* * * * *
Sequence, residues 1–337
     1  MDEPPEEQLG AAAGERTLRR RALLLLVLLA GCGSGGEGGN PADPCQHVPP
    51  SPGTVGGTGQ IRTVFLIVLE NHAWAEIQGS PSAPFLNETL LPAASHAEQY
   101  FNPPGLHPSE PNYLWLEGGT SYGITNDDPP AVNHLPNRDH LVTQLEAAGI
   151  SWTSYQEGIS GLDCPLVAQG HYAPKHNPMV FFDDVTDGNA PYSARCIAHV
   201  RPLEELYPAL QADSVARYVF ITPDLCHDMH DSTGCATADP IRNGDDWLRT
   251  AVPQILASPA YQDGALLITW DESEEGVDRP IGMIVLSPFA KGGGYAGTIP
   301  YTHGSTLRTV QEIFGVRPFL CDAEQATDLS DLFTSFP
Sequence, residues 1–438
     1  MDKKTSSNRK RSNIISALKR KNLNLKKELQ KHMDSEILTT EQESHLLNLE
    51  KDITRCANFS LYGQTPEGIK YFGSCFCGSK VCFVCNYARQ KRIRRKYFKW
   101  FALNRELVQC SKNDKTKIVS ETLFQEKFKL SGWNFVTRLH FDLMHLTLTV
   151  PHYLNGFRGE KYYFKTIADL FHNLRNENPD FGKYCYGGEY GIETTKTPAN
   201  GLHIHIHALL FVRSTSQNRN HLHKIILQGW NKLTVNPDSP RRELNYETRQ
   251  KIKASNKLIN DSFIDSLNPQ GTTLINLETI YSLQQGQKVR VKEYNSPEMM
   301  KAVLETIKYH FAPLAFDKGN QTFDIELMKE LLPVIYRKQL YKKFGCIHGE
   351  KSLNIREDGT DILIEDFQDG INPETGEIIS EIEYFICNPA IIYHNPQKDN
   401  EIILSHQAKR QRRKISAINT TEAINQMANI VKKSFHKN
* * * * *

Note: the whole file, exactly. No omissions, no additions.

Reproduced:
Sequence, residues 1–337
     1  MDEPPEEQLG AAAGERTLRR RALLLLVLLA GCGSGGEGGN PADPCQHVPP
    51  SPGTVGGTGQ IRTVFLIVLE NHAWAEIQGS PSAPFLNETL LPAASHAEQY
   101  FNPPGLHPSE PNYLWLEGGT SYGITNDDPP AVNHLPNRDH LVTQLEAAGI
   151  SWTSYQEGIS GLDCPLVAQG HYAPKHNPMV FFDDVTDGNA PYSARCIAHV
   201  RPLEELYPAL QADSVARYVF ITPDLCHDMH DSTGCATADP IRNGDDWLRT
   251  AVPQILASPA YQDGALLITW DESEEGVDRP IGMIVLSPFA KGGGYAGTIP
   301  YTHGSTLRTV QEIFGVRPFL CDAEQATDLS DLFTSFP
Sequence, residues 1–438
     1  MDKKTSSNRK RSNIISALKR KNLNLKKELQ KHMDSEILTT EQESHLLNLE
    51  KDITRCANFS LYGQTPEGIK YFGSCFCGSK VCFVCNYARQ KRIRRKYFKW
   101  FALNRELVQC SKNDKTKIVS ETLFQEKFKL SGWNFVTRLH FDLMHLTLTV
   151  PHYLNGFRGE KYYFKTIADL FHNLRNENPD FGKYCYGGEY GIETTKTPAN
   201  GLHIHIHALL FVRSTSQNRN HLHKIILQGW NKLTVNPDSP RRELNYETRQ
   251  KIKASNKLIN DSFIDSLNPQ GTTLINLETI YSLQQGQKVR VKEYNSPEMM
   301  KAVLETIKYH FAPLAFDKGN QTFDIELMKE LLPVIYRKQL YKKFGCIHGE
   351  KSLNIREDGT DILIEDFQDG INPETGEIIS EIEYFICNPA IIYHNPQKDN
   401  EIILSHQAKR QRRKISAINT TEAINQMANI VKKSFHKN